The only exception seems to have occurred when construction workers found the grave of a Celtic man in 1903. They were in the process of building the school complex’s gym, the Office of Urban Development said when they discovered the man’s remains buried alongside a sword, shield, and lance.

Researchers are now strongly considering that, because the Celtic woman’s remains were found a mere 260 feet from the man’s burial place, they probably knew each other.

Experts have claimed that both figures were buried in the same decade, an assertion that the Office of Urban Development said it was “quite possible.”

The Office of Urban Development said the woman’s necklace was “unique in its form: it is fastened between two brooches (garment clips) and decorated with precious glass and amber beads.”

Though archaeologists previously found evidence that a Celtic settlement dating to the 1st century B.C. lived nearby, researchers are rather confident that the man found in 1903 and the woman found in 2017 belonged to a smaller, separate community that has yet to be entirely discovered.

The department’s 2017 press release stated that researchers would initiate a thorough assessment of the grave and its contents, and by all accounts, they’ve done just that.

Archaeologists salvaged and conserved any relevant items and materials, exhaustively documented their research, and conducted both physical and isotope-based examinations on the woman.

Most impressive to experts was the woman’s necklace, which had rather impressive clasps on either end.

The office said that its concluded assessment “draws a fairly accurate picture of the deceased” and the community in which she lived. The isotope analysis confirmed that she was buried in the same area she grew up in.

The amber beads and brooches belonging to the woman’s decorative necklace being carefully recovered from the soil.

While the Celts are usually thought of as being indigenous to the British Isles, they lived in many different parts of Europe for hundreds of years. Several clans settled in Austria and Switzerland, as well as other regions north of the Roman Empire.

Interestingly enough, from 450 B.C. to 58 B.C. — the exact same timeframe that the Celtic woman and man were buried — a “wine-guzzling, gold-designing, poly/bisexual, naked-warrior-battling culture” called La Tène flourished in Switzerland’s Lac de Neuchâtel region.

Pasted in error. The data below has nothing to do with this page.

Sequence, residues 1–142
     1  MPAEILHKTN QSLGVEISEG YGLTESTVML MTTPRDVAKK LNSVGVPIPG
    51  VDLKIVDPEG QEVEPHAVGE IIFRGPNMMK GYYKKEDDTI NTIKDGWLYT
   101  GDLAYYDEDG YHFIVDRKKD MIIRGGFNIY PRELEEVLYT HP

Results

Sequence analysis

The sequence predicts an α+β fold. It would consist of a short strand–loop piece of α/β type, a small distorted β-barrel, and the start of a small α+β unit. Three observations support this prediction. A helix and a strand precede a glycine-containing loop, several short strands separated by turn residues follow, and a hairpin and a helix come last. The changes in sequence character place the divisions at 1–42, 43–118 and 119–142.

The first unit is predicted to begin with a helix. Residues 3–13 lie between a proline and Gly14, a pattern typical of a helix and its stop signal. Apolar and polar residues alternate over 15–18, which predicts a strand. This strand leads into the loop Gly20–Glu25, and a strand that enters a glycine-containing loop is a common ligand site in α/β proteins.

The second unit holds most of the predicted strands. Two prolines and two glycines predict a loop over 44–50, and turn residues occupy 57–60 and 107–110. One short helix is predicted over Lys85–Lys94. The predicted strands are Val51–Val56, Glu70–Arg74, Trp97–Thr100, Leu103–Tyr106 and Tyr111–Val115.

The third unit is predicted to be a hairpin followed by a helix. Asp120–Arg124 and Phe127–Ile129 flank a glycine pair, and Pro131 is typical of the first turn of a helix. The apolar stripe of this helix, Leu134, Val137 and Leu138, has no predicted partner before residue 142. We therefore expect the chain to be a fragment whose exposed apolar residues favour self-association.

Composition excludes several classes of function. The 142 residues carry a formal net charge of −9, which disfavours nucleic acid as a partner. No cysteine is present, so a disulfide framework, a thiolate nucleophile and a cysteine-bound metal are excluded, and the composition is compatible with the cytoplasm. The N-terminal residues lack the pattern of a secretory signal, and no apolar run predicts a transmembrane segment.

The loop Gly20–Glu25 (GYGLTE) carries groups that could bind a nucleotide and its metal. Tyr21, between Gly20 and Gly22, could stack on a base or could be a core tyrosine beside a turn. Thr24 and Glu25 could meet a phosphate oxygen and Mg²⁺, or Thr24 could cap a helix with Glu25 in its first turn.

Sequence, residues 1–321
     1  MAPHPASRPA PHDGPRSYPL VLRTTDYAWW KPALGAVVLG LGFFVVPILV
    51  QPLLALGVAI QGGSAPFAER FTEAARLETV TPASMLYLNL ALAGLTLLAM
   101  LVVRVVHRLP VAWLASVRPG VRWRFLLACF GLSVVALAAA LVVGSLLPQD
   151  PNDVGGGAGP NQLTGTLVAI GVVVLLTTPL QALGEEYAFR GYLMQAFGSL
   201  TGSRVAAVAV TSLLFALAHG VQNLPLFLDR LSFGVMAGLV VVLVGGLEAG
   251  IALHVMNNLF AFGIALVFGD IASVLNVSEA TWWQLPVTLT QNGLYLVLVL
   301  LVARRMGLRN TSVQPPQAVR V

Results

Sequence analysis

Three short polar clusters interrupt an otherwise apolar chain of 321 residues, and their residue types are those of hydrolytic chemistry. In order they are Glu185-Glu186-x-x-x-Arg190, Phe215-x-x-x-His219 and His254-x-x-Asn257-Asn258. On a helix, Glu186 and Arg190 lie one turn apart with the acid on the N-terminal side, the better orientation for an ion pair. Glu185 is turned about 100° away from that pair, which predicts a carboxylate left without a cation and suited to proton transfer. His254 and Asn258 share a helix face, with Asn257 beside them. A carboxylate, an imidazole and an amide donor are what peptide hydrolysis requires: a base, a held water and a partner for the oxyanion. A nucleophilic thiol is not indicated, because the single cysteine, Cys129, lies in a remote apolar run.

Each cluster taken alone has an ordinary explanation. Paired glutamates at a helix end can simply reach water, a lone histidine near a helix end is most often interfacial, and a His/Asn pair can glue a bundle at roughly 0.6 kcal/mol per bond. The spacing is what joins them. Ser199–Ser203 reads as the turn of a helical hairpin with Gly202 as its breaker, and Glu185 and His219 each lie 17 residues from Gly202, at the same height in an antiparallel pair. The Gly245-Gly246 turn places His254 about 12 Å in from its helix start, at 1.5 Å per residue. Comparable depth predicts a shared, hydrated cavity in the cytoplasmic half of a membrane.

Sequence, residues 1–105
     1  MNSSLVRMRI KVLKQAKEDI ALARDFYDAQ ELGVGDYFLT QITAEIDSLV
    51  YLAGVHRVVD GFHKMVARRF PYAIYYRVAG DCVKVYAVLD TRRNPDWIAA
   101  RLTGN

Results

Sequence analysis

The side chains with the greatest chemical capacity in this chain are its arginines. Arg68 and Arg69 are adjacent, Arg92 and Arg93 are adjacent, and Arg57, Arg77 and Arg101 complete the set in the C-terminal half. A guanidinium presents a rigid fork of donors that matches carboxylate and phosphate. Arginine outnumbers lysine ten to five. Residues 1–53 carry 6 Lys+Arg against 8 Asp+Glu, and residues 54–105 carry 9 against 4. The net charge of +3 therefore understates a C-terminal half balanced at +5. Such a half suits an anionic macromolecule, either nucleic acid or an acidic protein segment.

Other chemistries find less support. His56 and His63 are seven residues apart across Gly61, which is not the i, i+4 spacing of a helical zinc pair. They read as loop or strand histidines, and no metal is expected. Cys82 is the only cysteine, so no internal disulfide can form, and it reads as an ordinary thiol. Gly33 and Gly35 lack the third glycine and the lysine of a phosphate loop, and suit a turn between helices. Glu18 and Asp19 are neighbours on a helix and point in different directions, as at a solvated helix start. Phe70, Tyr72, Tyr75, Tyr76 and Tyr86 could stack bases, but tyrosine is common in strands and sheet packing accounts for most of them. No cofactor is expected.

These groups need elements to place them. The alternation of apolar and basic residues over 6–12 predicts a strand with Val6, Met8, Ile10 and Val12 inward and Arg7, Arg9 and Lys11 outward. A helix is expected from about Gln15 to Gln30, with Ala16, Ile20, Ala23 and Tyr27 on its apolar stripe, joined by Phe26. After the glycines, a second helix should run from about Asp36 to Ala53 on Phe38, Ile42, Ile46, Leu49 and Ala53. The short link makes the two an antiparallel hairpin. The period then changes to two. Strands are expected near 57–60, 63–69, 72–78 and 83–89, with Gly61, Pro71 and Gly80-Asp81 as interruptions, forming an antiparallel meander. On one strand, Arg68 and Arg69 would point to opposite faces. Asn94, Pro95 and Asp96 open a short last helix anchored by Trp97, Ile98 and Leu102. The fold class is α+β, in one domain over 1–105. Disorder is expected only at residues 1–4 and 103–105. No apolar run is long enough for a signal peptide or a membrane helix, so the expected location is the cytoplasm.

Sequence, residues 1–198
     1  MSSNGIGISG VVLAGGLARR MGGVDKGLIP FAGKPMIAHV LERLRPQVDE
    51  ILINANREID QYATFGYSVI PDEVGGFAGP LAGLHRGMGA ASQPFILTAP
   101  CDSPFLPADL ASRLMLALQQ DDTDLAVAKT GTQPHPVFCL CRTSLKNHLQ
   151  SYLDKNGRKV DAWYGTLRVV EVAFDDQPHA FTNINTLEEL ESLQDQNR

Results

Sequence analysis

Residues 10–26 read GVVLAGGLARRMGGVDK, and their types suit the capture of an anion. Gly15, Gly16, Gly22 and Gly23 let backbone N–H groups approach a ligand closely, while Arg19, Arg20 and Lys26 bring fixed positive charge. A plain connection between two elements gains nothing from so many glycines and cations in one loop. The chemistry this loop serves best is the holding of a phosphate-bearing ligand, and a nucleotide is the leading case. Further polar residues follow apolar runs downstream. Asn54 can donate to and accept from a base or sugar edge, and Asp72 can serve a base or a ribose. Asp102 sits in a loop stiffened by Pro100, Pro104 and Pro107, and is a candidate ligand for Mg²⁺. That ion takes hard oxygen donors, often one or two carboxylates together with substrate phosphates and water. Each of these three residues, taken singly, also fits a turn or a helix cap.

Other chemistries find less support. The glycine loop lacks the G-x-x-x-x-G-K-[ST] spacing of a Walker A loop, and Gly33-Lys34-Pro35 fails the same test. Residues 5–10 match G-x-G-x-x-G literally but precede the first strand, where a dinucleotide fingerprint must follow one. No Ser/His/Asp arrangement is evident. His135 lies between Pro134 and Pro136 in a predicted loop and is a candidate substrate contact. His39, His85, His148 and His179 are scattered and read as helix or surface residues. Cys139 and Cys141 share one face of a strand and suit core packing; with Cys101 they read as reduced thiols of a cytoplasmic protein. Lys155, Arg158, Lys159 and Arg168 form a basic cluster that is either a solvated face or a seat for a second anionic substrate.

That is until Julius Caesar launched an invasion of the area and began his conquest of western and northern Europe. Ultimately, it seems the Celtic woman received a rather kind and caring burial and left Earth with her most treasured belongings by her side.

5,000-Year-Old Copper Ax Found in Switzerland

5,000-Year-Old Copper Ax Found in Switzerland

Apart from a few scratches, the 2.6-inch-long (6.5 centimeters) blade is undamaged.
Apart from a few scratches, the 2.6-inch-long (6.5 centimeters) blade is undamaged.

Archaeologists discovered a copper blade in Switzerland that’s just like the ax Ötzi the famous “Iceman” was carrying when he died. Like Ötzi’s ax, this tool was made with copper that came from 100’s of miles away, in present-day Tuscany in central Italy.

The discovery could shed light on Copper Age connections across Europe. Bad fortune eventually made Ötzi the Iceman more famous. About 5,300 years back, he was shot with an arrow, struck in the head and left to die near a mountain pass high in the Alps.

Until 1991, when hikers near the Italian-Austrian border discovered his body, he was buried in a glacier. Ötzi is Europe’s oldest mummy, and scientists studied almost every aspect of his life and death, from his tattoos and tools to his diet and DNA.

Among the equipment Ötzi carried was an ax of almost pure copper, remarkable because its wooden handle and leather straps were still preserved. This past summer, researchers traced the source of the metal in Ötzi’s ax to southern Tuscany, which came as a surprise to them.

The huge mountains of the Alps were thought to be a “neat cultural barrier” separating the metal trade, the authors of that study wrote in the journal PLOS One; people living around the Alps at that time were believed to have gotten their copperlocally or from the Balkans.

Now, archeologists in Switzerland report finding another blade on the northern foot of the Alps with the same make as Ötzi’s.

A reconstruction of the village Zug-Riedmatt, where the copper ax was found, as it looked more than 5,000 years ago.
A reconstruction of the village Zug-Riedmatt, where the copper ax was found, as it looked more than 5,000 years ago.

The ax was discovered in Zug-Riedmatt, one of the many pile-dwelling villages around the Alps that are famous for their prehistoric wooden houses built on stilts on lake shores and other wetlands.”

It was a very efficient general-purpose ax, especially proper for woodworking,” said Gishan Schaeren, an archaeologist with the Office for Monuments and Archaeology in the Swiss canton (or state) of Zug. But in addition to chopping trees to build stilted houses, people could use this axs as lethal weapons, Schaeren added.

The newfound blade was between 5,300 and 5,100 years old and missing its wooden handle. It was about half the weight of Ötzi’s blade and shorter, but the same shape. By measuring the traces of lead in the blade, Schaeren and his colleagues could link the copper to the same source in southern Tuscany.”

Mainstream research normally does not consider the possibility of intense contacts between south and north in the Alps”

A view of the excavation where the blade was found in 2008.
A view of the excavation where the blade was found in 2008

Schaeren thinks that Copper Age people should be given more credit.” We have to consider that people who traveled in the Alps had a very profound knowledge of the landscape and its conditions due to their experience with hunting, herding and exploring natural resources in these areas,” he said.

Stronger links to southern Europe, Schaeren added, could explain certain styles of rock art, pottery, burial customs and other phenomena seen in the north.”It is one step to a much more connected worldview,” Schaeren said.